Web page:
The mobile operator and the fair should establish standards for staff uniforms, hygiene, grooming, and conduct.
The parties should thoroughly discuss the mix of attractions on and off the midway and how this mix might bear on the contract and the exchange of monetary considerations between the parties.
The OABA Quality Assessment Program provides guidelines that should be embraced by the parties. Coordination in applying the standards of this program can facilitate better quality control.
VITAL ISSUE 4: LEGAL, LEGISLATIVE & LIABILITY
IMPEDIMENTS TO SUCCESS . . .
The operating environment for business and particularly the outdoor business is a minefield of regulatory pressure and legal coercion. It is an environment that continues to change with new legislation, stricter codes and heavier civil and even criminal penalties coming into play. Those who seek to regulate, legislate and litigate have found an easy target in mobile operators that come to town for a week or two and then leave. Fairs seem to appear from nowhere and then fade away. This activity is too brief and seems too frivolous to be considered stable and those who work in this environment too transitory and suspect to be considered a reliable workforce. In years past, the general reaction to this negative attitude was, “lay low, say little; they’ll forget about us eventually.”
STRATEGIES FOR SUCCESS . . .
The world has changed. In place of silence and concealment, the new theme is vigilance; strong, positive responses offered in a unified voice; effective lobbying on a state and national basis; and a positive public image generated by positive public relations.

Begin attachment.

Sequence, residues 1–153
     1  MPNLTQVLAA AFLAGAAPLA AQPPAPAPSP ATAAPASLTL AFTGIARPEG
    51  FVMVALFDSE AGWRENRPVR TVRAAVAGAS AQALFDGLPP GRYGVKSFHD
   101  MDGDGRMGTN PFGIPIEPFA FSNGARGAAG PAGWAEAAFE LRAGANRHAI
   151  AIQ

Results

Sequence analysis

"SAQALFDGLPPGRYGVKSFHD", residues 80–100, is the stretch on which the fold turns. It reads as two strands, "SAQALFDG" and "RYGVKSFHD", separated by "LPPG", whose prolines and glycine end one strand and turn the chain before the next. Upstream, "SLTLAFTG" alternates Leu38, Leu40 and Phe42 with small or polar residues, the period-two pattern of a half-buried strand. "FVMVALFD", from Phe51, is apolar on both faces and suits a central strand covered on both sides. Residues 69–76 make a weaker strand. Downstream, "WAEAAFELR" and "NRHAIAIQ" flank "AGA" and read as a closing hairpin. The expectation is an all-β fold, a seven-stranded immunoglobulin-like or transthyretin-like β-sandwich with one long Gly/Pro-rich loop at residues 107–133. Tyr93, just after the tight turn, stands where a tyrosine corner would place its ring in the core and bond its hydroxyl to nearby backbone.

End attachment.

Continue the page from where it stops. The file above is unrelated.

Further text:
Fairs and mobile amusement contractors must share the watchtower, be attentive to the legislative and regulatory scene, communicate and warn one another about impending changes, especially changes that might adversely affect carnival operations.
Because they have reputation and statewide connections, fairs are usually better able to monitor state and local regulatory activity and better able to advise their carnival associates when troubling proposals begin to take shape. Concurrent with advising one another, the parties should report to their respective business associations, i.e. the IAFE and OABA, when these activities crop up so the collective resources of these bodies can be brought to bear on the problem.
BEST PRACTICES . . .
Fairs and mobile amusement companies should stay informed about legislative activity that might bear upon carnival operations within their state, province and/or region.
A regular exchange of information regarding national and local legislative matters should be undertaken by the parties.
When appropriate, the parties should join together to support or oppose legislative enactments.
The parties should understand and exchange information and experiences related to the Americans with Disabilities Act (ADA) so that policies and procedures used on the midway conform to current law and are consistently applied.
Mobile amusement operators should immediately inform fair management about accidents or injuries on-site or at any other venue, giving as much detail as is available, so the parties are prepared to provide accurate and consistent messages to the public and the media regarding the circumstances, corrective actions taken or otherwise.
The hiring practices of both parties should be examined and, wherever possible, steps should be taken to create better employee recruitment and training programs.
Fairs and mobile amusement operators should access web sites that provide a register of sex offenders, especially in states that enforce Megan’s Law, so that informed choices might be made during the hiring process.
Methods and procedures for obtaining background checks on new employees should be shared by the parties.